National Conference on Correctional Health Care: Improving prison quality

The mission of the NCCHC is to improve the quality of health care in jails, prisons and juvenile confinement facilities


By Bob Hood

The National Conference on Correctional Health Care (NCCHC) held their Annual Training Conference, October 15 through 19 in Baltimore, MD. NCCHC's origins date to the early 1970s, when an American Medical Association study on jails found inadequate, disorganized health services and a lack of national standards.

The conference was held in conjunction with National Correctional Health Profession Week. With its exceptional lineup of educational sessions, abundant networking opportunities and the best commercial exhibition in this field, the conference attracted over 1800 correctional healthcare professionals.

The mission of the National Commission on Correctional Health Care is to improve the quality of health care in jails, prisons and juvenile confinement facilities. The conference theme, "Historic Times, Extraordinary Solutions," was emphasized throughout the week.

Participants chose from nearly 100 concurrent sessions, and approximately 115 exhibitors offered products and services in areas such as diagnostic equipment, electronic health records, medical supplies, telemedicine, and emergency preparedness.

Keynote address
Dr. Fred Osher, Director of Health Systems and Health Services Policy at the Council of State Governments Justice Center in Maryland, provided the keynote address on "Reducing the Overrepresentation of Persons with Mental Illnesses in Corrections." For three decades he led initiatives aimed at effective services for incarcerated and/or homeless persons with co-occurring disorders.

Most inspiring workshop
Dr. Dean Aufderheide, Director of Mental Health Services, Florida Department of Corrections, held a standing room only session on a journey inside the mysterious mind of the psychopath. The workshop explored the origin and evolution of the concept of psychopath while peeling back the layers of criminal thinking to discover how and why psychopaths see the world the way they do.

Genetic and environmental influences on psychopath behaviors were investigated. Using a case study and videotaped interviews of psychopaths, participants were able to identify the unique signs, symptoms and distinct traits of the psychopathic personality.

The following tips for dealing with psychopathic offenders were provided:
• Know What You Are Dealing With: Everyone, including the experts, can be taken in, manipulated, and conned. Your best defense is to understand the nature of these predators. Never share personal information about staff or yourself with an inmate. Remember, if crime was the job description, the psychopath would be the perfect applicant.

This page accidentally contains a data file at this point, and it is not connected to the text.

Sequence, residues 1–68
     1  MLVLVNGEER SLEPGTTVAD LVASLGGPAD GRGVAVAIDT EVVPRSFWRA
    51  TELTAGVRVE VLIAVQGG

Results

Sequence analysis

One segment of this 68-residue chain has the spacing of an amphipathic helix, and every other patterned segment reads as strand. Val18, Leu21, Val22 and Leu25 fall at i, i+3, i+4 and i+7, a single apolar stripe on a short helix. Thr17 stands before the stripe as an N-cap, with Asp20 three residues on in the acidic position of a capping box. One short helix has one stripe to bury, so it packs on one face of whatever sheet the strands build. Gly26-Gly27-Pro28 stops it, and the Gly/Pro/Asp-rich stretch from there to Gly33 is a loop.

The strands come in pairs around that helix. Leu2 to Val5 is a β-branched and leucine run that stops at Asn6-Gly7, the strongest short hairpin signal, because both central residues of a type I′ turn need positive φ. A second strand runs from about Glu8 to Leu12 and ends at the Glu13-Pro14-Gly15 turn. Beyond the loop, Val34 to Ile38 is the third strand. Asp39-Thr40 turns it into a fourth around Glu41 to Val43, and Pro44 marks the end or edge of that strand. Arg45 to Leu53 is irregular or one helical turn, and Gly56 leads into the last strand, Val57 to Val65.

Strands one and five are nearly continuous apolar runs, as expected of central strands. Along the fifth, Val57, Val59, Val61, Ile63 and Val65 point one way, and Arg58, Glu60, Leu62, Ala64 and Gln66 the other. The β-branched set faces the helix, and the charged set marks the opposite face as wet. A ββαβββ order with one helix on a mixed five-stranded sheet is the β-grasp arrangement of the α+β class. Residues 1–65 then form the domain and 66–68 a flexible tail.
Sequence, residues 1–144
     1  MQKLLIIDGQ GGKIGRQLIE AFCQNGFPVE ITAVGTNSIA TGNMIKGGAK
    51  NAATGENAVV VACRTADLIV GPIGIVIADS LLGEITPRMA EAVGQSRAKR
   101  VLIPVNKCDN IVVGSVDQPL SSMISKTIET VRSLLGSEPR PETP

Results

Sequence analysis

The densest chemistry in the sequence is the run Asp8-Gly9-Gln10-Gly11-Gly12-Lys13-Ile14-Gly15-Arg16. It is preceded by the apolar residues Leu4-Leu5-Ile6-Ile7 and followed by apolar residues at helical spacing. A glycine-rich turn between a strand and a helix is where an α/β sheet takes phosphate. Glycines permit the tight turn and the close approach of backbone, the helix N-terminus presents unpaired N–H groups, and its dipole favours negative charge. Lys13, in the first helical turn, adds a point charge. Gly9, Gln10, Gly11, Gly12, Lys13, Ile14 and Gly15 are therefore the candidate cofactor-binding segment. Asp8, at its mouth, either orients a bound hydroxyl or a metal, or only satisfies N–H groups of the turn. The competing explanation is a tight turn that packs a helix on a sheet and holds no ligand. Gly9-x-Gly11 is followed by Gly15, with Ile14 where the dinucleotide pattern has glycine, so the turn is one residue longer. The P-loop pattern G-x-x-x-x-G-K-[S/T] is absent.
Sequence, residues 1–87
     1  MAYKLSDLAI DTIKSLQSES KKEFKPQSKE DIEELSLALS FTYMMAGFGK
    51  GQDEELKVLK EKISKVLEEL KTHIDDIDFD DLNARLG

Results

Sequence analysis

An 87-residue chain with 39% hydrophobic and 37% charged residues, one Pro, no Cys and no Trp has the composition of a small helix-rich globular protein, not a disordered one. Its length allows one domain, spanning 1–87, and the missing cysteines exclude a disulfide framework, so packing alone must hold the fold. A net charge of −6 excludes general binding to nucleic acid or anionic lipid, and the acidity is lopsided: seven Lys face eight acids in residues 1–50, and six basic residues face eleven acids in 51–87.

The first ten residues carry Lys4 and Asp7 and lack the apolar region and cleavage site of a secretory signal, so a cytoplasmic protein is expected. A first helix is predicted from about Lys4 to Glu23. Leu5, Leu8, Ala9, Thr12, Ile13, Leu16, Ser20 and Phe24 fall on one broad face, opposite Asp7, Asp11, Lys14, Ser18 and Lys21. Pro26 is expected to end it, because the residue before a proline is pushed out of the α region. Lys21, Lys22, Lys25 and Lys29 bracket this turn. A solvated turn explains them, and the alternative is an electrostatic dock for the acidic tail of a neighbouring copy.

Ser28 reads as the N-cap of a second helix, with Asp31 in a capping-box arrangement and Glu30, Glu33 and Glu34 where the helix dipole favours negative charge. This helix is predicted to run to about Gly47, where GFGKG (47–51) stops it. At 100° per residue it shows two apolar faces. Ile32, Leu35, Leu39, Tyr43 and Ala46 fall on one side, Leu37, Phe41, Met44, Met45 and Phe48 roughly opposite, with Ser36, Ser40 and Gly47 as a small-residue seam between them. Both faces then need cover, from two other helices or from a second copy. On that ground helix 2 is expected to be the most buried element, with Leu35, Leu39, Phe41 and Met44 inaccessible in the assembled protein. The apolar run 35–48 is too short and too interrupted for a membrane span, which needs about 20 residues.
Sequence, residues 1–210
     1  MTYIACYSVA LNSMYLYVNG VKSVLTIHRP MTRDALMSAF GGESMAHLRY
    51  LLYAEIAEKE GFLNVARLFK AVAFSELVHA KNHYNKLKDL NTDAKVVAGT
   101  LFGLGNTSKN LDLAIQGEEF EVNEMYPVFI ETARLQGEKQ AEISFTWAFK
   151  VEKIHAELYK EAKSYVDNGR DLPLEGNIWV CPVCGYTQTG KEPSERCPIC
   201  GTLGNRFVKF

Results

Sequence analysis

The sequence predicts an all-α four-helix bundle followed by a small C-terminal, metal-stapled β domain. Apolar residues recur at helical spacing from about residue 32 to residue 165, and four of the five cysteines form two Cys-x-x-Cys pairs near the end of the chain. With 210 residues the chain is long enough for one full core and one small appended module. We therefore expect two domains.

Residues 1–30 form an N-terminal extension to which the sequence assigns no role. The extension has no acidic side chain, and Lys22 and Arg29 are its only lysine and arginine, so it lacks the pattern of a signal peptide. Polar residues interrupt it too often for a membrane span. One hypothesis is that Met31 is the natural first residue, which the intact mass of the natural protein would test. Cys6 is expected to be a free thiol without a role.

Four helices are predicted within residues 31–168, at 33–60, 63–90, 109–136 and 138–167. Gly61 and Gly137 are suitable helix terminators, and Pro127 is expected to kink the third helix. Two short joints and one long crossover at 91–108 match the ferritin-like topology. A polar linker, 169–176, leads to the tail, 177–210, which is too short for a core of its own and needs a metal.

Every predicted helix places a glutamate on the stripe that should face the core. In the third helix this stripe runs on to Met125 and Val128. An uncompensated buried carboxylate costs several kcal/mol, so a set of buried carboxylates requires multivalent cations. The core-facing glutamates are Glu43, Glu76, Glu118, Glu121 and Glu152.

• Know Yourself: Psychopaths are extremely skilled at detecting and ruthlessly exploiting your weak spots. If you are a sucker for flattery, feel unappreciated, feel lonely or alone, you are vulnerable. When asked how he selected his victims, Danny Rolling, the Gainesville serial murderer replied, "Predators look for vulnerabilities."

Dr. Aufderheide advises the best defense is to understand what your weak spots are and to be extremely wary of any inmate who zeros in on them. Self-examination and frank discussions with a trusted colleague will be a helpful defense against the psychopath's ability to distort our reality.

Top 12 workshops
Although many great topics were presented, most participants showed interest in these sessions:
• Suicidal and Nonsuicidal Self-Injury: Management of an At-Risk Population
• Emergency Chemical Restraint for Violent and Agitated Inmates
• Use of Restraints: Lessening Liability in the Courtroom
• Structured Decompression and Desocialization of the Long-Term Segregated
• Intensive Medical Management: Medical Restraint and Forced Medication
• Setting Up An Involuntary Antipsychotic Administration Mechanism
• Incarcerated Veterans and Homelessness Prevention
• Top Tips for Reducing Your Pharmaceuticals Budget
• A Reentry Health Center for DC Residents
• What's New for Juvenile Facilities
• New Paradigms for Hepatitis Prevention and Treatment in Jails and Prisons
• A Road Map to the Management of Diabetes in HIV- Positive Individuals

Summary
Correctional healthcare professionals from throughout the United States gathered to celebrate their successes and plan for future challenges. Additional information concerning NCCHC can be obtained at www.ncchc.org.

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